Friday, January 11, 2008

You Asked .... about Meg Cabot

Sarah W. asked the following:

Meg Cabot is my favorite author, if I could ask her three questions they would be: How do you get the commitment to write a book? How do you get your ideas for books? How did you learn to write?

Tricia answers:

I wish I had Meg's number so I could call and chat. But ... I did find your answers Sarah, by going to Meg's website:

These answers come from her website!

What inspires you to write?

Meg: The same thing that inspires you to breathe. I can’t help it.

Where do you get your ideas?

Meg: Much of what is in my books is taken directly from my own diaries that I kept when I was in high school ... I still have them, though I am the only one who will ever be allowed to read them. I am only using the selective bits that won’t incriminate me.

What advice do you have to give to aspiring writers?

Meg: My advice to young writers is:

Write the kinds of stories you like to read. If you don’t love what you’re writing, no one else will, either.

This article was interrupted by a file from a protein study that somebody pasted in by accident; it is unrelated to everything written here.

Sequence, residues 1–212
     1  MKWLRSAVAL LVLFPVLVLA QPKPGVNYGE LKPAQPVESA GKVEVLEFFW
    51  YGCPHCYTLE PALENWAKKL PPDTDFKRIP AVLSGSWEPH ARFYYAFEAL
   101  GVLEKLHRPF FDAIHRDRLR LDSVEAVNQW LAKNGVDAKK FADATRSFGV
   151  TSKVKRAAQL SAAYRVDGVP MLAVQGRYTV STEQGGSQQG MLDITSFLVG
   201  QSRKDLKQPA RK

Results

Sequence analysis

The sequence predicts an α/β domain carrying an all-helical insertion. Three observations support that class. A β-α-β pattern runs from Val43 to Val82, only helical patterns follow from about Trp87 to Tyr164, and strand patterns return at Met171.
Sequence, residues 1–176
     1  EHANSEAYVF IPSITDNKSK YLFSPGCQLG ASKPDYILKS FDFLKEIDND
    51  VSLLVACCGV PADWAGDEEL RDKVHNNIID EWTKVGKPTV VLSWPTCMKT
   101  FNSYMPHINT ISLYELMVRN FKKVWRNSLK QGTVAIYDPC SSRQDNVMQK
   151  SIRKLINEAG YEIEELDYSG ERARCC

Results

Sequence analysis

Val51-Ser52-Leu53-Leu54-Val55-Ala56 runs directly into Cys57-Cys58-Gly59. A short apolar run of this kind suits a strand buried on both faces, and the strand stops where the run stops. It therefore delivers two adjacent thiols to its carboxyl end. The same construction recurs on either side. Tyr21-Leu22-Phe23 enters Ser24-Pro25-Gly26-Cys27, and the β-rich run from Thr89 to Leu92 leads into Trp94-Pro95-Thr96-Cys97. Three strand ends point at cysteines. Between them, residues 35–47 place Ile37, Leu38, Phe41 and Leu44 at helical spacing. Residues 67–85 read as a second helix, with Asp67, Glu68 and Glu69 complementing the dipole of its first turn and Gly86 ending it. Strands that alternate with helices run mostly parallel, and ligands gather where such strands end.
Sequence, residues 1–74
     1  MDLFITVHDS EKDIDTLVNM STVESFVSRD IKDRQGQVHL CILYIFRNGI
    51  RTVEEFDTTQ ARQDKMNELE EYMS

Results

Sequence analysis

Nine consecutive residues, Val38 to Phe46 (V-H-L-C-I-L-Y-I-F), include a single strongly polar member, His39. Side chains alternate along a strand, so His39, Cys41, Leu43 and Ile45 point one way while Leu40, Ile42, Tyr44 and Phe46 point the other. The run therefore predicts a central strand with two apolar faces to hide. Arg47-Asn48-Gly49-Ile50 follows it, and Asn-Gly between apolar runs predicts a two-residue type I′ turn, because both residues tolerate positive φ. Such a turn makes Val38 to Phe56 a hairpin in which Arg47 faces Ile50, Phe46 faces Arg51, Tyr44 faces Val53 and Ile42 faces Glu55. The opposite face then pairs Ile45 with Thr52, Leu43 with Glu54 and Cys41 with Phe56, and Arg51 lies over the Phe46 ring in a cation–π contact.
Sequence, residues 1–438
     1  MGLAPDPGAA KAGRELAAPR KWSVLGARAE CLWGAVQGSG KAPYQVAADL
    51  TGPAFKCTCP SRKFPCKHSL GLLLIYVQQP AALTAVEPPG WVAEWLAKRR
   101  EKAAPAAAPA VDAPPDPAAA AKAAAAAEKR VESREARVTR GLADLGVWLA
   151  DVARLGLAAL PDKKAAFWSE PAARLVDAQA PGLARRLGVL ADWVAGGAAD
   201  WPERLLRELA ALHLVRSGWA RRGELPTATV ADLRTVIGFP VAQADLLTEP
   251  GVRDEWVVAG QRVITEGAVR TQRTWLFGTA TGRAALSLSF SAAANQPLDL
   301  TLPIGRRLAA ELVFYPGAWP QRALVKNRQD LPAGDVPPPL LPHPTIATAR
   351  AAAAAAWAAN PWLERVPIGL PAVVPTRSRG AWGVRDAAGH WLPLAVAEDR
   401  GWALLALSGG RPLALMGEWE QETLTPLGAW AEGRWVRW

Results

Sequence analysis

Don’t tell people you want to be a writer. Everyone will try to talk you out of choosing a job with so little security, so it is better just to keep it to yourself, and prove them all wrong later.

You are not a hundred dollar bill. Not everyone is going to like you … or your story. Do not take rejection personally.

If you are blocked on a story, there is probably something wrong with it. Take a few days off and put the story on a back burner for a while. Eventually, it will come to you.

Read—and write—all the time. Never stop sending out your stuff. Don’t wait for a response after sending a story out … start a new story right away, and then send that one out! If you are constantly writing and sending stuff out (don’t forget to live your life, too, while you are doing this) eventually someone will bite!

It is nearly impossible to get published these days without an agent. The guide I used to get mine was called the Jeff Herman Guide to Agents, Editors, and Publishers. It was well worth the money I spent on it, since it lists every agent in the business and what he or she is looking for. It also tells you how to write a query letter, what to expect from your publisher, and all sorts of good stuff...a must buy for any aspiring author!

And above all, become a good listener. In order to write believable dialogue, you need to listen to the conversations of the people around you—then try to imitate them!

Good luck, and keep writing! If I can do it, so can you!

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